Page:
Like most other chefs, Nolan Konkoski dreamed of having his own restaurant. But he knew that to compete in Cleveland's hot, hip dining community, he had to come up with something different.
After studying the culinary landscape, Konkoski and his partner-in-love-and-labor, Molly Smith, found a niche. Nobody was focusing on Southern cooking. So that, they decided, would define SoHo Kitchen & Bar, the Ohio City spot they opened in November. The name, an acronym for Southern hospitality, captures the spirit and style of this small, unpretentious, laid-back spot that preaches the gospel of gumbo and grits.
But they're not merely whipping up beloved staples. Every dish on the streamlined menu draws on tradition but gets a fresh and sometimes spicy reinvention. The result is as familiar and comfortable as home with some unexpected and delightful surprises.
Take the aforementioned gumbo ($6). Konkoski personalizes the Creole mainstay by using duck. The stock is made from roasted bird bones, fat is rendered for the roux, meat goes in with the andouille and okra, and crisped bits of skin garnish the bowl of goodness. Zesty fried cornmeal dumplings ($5.50) can be had as an extra with anything and are served with the smothered pork chops ($17). The brined meat is perfect. As for the country gravy studded with morsels of Tasso ham, let's just say it would be a crime to leave even a drop on the plate.
Deviled eggs ($8 with salad, $5.50 alone) are a touch fiery, courtesy of the charred jalapeno vinaigrette splashed on the greens that keep them company alongside crumbled bacon, avocado and corn. The whipped yolks are flavored with just mayonnaise, mustard and white vinegar. "Some things," Konkoski wisely says, "don't need to be fussed with too much."
He takes a similar approach to fried green tomatoes ($9), embracing what's best about this classic and adding okra remoulade and a snowfall of cheese curds from Lake Erie Creamery, best known for its goat cheese but now branching out into some cow's-milk products
Turning seasonal bounty into pickles and preserves like an old-timey Georgia farm wife is a specialty here. Crunchy vinegared veggies show up on a snack plate of cheeses and salty country ham, sliced paper thin ($9). Fruit preserves arrive at the table with dreamy buttermilk biscuits. The policy is one fluffy round per person on the house. I wish they'd also sell them by the basketful.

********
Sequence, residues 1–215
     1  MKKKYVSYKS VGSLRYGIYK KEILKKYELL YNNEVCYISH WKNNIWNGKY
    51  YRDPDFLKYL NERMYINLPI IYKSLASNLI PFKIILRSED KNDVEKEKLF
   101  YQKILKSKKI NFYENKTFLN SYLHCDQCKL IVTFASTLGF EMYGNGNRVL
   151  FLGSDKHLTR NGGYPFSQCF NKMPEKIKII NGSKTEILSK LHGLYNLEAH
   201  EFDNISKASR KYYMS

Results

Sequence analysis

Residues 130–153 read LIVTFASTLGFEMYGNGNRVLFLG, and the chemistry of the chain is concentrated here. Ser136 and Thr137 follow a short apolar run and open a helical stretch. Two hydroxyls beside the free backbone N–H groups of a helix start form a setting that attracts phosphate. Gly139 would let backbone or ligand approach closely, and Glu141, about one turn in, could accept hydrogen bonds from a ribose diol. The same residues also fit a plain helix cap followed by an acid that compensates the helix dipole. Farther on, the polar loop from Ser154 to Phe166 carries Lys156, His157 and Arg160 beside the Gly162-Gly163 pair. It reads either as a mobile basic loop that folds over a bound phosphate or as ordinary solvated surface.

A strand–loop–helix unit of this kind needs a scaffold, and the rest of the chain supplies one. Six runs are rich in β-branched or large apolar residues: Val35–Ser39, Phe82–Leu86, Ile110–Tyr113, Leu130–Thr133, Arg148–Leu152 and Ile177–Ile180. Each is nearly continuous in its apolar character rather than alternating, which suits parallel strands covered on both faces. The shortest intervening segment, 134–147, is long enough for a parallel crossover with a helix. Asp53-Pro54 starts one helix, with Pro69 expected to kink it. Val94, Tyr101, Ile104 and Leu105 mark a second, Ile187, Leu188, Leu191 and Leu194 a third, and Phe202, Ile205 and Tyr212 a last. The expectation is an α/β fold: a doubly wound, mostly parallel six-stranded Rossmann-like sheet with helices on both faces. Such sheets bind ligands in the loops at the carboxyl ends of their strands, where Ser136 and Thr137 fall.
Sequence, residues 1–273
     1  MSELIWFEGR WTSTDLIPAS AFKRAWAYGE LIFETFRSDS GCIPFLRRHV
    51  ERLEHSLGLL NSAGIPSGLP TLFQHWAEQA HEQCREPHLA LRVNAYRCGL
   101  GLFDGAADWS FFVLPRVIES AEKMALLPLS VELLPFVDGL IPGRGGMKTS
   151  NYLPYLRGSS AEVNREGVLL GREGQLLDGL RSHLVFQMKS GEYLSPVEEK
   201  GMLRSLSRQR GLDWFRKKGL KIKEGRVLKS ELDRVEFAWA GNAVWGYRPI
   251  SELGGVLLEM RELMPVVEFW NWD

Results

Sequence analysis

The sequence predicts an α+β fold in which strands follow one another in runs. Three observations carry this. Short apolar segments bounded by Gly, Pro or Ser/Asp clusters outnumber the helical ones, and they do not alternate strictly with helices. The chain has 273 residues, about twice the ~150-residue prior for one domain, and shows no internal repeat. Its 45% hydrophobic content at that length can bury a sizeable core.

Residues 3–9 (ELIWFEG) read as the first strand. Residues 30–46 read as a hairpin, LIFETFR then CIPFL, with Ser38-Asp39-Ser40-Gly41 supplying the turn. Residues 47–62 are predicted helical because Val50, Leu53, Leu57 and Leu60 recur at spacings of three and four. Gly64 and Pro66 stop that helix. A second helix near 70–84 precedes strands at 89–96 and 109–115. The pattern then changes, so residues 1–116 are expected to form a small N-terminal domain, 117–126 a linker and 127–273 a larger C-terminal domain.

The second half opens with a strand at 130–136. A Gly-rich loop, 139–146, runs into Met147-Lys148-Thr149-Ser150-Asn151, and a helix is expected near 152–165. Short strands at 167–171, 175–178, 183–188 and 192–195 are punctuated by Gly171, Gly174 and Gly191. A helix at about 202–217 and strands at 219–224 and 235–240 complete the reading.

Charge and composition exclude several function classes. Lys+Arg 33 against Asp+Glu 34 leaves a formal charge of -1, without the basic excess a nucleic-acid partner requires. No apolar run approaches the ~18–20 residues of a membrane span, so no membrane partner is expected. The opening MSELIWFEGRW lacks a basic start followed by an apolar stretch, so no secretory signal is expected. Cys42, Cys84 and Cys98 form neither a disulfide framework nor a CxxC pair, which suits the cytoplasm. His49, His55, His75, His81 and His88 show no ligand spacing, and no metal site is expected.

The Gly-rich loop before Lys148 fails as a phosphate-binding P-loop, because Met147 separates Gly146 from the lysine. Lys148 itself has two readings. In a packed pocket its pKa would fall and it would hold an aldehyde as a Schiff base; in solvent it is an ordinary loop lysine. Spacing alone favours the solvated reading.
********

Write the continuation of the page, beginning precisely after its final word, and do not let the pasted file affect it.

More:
Lamb belly ($9) is among my favorites. Braised overnight, then quick-seared to serve, it has a dark brown exterior with a slight, satisfying crunch, like the candy coating on M&Ms. It gives way to a rich, tender mouthful, made even better by the apricot mustard barbecue sauce it's dragged through first. The stewed collards that come along for the ride are among the best I've had.
In SoHo's spin on fried chicken and waffles ($17), pieces of poultry soaked in brown-sugar brine carry the sweet notes, while the peppery waffle batter spiked with rosemary provides a savory counterpoint. Bourbon maple syrup binds the two together, and an optional splash of the house hot sauce — a blend of habaneros, roasted red peppers and tomatoes — blesses the union.
I tried two of the po' boys ($12 each) and liked them both. The spicy shrimp features a piquant okra relish and celeriac remoulade (a Frenchified tartar sauce). Slow-roasted pork comes with a nice cabbage slaw, a no-mayo version dressed in a Carolina mustard mop.
There are some choices for vegetarians, including a veggie tempura version of these New Orleans sandwiches. A note on the bottom announces all SoHo beers, wines and cocktails are 100 percent meat-free, a useful piece of information since sipping a Nags Head ($8.50), made with rum, ginger and smoke, is like drinking liquid bacon.
That's one of more than half a dozen excellent cocktails. All the purees, syrups and such are prepared in the restaurant's kitchen. I'm partial to the Savannah ($8.50), tea-infused vodka mixed with honey lemonade and hibiscus. There are only a few wines but lots of interesting craft beers.
Start the night with a drink and an order of pimento cheese with a pile of house-made barbecue chips and you'll think you died and went to heaven. There's no front porch or swing but there is a side patio on the alley and seating for 40. Now would be an excellent time to check it out.